The Program for Neurology Research & Discovery’s mission of worldwide collaboration continued this summer, connecting Mount Pleasant, Michigan, with Chennai, India, through the work of medical students Sam Jackson and Mutshipay Mpoy.
The pair, rising second-year students in the Central Michigan University College of Medicine, traveled to India as part of a University of Michigan-led team of medical researchers working to improve the understanding and treatment of diabetes.
The study is led by PNR&D Director Eva Feldman, MD, PhD, a world-renowned leader in the field of diabetic neuropathy. Jackson’s work in diabetic neuropathy began as a U-M undergrad, when he began working with Dr. Feldman in the PNR&D. Mpoy, who was born in the Democratic Republic of Congo and fled to the United States as a refugee in 2000, has always had a passion to improve and care for underrepresented communities internationally.
The study is being conducted in collaboration with Dr. Vijay Viswanathan, director of the MV Diabetes Hospital in Chennai. Its goal is to improve understanding the mechanism of diabetic neuropathy – or nerve damage – the most common complication of diabetes.
According to Jackson, one of the interesting findings seen in the clinic is that patients may present with neuropathy without having full-on diabetes. Many patients develop this complication in what’s known as the pre-diabetic state, indicating that there may be other factors contributing to the progression of the nerve damage. In order to better understand this, this team of scientists has been screening patients in this early state of diabetes, looking not only at their sugar levels, but also other metabolic parameters including blood pressure, waist circumference, and various fat levels in their blood in order to identify other clues that may be factors in the development of this devastating disease.
“I’ve been repeatedly asked a very important question by my friends and family, ‘Is diabetes even a problem over there?’” Jackson said. “And the resounding answer is, ‘YES!”
Jackson said India reported more than 69 million cases of diabetes in 2015, more than double the U.S., which has around 30 million. One estimate shows that more than 1 million Indians die due to diabetes each year, and the problem seems to be getting worse. Due to poverty and certain cultural practices, the complications of diabetes seen in India can be more extreme than often seen elsewhere. Many people in India walk barefooted, which can be especially dangerous for people with diabetic neuropathy who cannot feel any pain if they cut or burn a foot. Additionally, bacteria love the excess sugar found in diabetic wounds, so infections of these undetected ulcers are very common. Diabetes also damages the blood vessels making it difficult for the body to transport blood and immune cells to the injury to naturally heal the wound. On top of all of this, many of the patients are extremely poor and avoid seeking medical treatment until absolutely necessary. This combination of loss of sensation, increased infection, impaired wound healing, and inability to access health care often add up to amputation, Jackson said.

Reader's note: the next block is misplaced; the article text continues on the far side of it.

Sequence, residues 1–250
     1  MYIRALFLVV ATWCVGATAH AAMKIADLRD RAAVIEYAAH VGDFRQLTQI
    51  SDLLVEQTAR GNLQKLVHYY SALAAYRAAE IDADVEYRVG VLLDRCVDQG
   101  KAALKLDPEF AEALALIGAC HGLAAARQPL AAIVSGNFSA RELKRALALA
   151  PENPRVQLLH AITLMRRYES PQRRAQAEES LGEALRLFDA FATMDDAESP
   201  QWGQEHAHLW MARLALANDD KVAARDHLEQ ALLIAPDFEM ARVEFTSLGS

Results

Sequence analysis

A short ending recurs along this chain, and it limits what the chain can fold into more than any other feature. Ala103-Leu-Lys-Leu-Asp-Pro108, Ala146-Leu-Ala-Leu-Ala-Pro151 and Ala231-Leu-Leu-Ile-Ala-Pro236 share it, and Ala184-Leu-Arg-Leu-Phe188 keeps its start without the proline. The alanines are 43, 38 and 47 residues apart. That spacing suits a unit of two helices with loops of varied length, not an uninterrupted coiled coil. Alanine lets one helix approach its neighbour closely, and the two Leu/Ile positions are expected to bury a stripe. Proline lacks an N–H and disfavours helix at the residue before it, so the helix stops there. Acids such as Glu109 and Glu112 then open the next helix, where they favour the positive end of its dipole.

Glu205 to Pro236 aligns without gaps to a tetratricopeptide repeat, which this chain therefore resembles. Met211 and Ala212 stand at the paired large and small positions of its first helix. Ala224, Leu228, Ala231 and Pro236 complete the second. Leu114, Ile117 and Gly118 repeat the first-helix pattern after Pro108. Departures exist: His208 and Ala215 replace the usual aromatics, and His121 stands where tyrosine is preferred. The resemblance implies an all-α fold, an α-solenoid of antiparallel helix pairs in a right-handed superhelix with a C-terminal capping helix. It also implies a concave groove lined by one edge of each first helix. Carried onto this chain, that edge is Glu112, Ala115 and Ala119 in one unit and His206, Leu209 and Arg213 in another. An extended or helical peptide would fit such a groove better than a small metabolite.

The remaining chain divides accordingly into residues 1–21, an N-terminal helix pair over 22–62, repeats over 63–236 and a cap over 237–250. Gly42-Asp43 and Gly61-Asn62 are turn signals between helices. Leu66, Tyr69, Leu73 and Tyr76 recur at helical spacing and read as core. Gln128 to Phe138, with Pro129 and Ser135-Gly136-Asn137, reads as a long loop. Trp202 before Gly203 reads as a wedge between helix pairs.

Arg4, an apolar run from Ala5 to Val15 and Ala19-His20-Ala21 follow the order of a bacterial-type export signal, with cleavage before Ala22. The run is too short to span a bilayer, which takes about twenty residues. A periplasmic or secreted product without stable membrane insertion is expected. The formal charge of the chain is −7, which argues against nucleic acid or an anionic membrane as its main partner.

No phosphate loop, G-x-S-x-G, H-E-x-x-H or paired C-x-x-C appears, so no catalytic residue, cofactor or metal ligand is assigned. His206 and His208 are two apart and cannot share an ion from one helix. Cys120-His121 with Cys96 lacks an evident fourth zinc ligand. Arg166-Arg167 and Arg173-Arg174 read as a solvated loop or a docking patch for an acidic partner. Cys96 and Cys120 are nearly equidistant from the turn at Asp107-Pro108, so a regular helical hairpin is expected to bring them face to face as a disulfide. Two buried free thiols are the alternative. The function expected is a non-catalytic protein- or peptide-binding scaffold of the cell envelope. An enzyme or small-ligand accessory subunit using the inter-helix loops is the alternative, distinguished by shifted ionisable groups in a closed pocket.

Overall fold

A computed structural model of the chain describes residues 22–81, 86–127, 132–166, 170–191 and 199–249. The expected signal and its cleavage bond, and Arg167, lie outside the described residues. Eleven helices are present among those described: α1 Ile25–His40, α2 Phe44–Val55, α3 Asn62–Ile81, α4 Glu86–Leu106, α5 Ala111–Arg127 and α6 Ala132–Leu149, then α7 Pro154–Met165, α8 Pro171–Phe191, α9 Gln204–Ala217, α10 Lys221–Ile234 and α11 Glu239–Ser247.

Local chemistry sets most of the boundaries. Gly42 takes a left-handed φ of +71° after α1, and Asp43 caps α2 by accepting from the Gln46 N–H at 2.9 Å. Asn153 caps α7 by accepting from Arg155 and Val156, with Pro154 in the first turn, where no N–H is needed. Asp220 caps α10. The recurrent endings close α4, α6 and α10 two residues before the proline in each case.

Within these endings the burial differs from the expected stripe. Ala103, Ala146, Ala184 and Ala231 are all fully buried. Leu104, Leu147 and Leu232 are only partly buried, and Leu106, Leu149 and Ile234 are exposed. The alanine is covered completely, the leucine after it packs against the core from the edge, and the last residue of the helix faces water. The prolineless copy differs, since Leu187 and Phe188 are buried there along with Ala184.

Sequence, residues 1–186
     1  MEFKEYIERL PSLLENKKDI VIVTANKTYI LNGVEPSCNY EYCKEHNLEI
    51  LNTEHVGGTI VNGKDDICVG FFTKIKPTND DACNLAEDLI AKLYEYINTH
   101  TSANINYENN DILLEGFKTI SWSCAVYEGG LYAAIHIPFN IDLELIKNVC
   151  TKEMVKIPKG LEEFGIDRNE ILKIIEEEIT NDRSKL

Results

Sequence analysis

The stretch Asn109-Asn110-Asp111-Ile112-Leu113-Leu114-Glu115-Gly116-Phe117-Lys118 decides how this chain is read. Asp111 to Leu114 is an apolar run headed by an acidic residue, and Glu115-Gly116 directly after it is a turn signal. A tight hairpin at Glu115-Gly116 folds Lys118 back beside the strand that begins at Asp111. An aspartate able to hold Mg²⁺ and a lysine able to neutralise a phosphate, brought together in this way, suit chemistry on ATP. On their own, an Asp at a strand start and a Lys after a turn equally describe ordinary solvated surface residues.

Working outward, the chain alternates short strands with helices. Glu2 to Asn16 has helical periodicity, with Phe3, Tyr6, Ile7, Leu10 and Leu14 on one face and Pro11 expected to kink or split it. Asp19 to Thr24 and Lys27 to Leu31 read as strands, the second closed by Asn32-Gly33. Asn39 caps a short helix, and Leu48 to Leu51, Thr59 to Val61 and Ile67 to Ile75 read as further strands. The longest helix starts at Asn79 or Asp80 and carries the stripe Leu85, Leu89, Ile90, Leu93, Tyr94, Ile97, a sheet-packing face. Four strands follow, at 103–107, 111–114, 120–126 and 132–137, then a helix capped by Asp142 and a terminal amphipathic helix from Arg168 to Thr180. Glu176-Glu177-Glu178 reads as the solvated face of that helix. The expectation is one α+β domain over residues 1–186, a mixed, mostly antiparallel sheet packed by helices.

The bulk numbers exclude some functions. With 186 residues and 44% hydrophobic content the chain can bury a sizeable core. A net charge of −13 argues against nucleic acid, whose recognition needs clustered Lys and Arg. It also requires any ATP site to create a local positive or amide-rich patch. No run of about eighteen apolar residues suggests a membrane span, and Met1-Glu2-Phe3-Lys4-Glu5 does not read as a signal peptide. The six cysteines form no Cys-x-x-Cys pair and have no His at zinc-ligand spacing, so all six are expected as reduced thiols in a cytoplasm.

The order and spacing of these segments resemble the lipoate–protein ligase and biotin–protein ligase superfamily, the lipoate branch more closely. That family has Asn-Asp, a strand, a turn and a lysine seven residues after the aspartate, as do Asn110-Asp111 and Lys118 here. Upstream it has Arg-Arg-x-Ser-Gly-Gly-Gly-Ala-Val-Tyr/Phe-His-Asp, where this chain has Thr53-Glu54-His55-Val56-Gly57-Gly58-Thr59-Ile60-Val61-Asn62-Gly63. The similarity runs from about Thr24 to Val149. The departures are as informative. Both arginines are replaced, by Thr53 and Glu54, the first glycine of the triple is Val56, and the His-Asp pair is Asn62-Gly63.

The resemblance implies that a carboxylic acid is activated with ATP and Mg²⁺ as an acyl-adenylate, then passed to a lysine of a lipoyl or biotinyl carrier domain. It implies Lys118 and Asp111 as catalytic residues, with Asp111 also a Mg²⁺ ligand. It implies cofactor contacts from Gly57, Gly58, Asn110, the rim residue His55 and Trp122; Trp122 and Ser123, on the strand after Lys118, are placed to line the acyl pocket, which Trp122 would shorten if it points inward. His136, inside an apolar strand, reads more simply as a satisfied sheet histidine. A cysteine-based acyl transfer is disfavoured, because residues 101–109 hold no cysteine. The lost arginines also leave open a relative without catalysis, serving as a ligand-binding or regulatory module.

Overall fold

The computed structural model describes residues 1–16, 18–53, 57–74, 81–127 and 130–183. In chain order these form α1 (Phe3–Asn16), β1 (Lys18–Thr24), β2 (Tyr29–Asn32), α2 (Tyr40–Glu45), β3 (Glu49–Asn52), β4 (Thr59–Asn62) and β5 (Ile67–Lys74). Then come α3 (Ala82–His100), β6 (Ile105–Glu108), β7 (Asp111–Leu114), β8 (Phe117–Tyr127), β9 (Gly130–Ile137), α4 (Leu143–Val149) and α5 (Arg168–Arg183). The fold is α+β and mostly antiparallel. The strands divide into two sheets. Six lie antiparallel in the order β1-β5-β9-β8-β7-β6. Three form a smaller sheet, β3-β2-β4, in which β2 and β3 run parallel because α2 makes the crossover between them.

By gaining a better understanding of diabetes and its complications, health care workers in the India as well as the U.S. can better predict and prevent serious complications such as these.
“Being able to see and experience what the health care system is like in India has been very eye opening,” Jackson said. “I did not grow up thinking I would be doing this kind of medical work abroad, but now I am more motivated than ever to do well in order to go back there. It really has been a life changing experience for me.”
“This experience has rekindled my love for medicine, reaffirming why I decided to go into medicine in the first place. It has reinforced my desire to work overseas in global health.”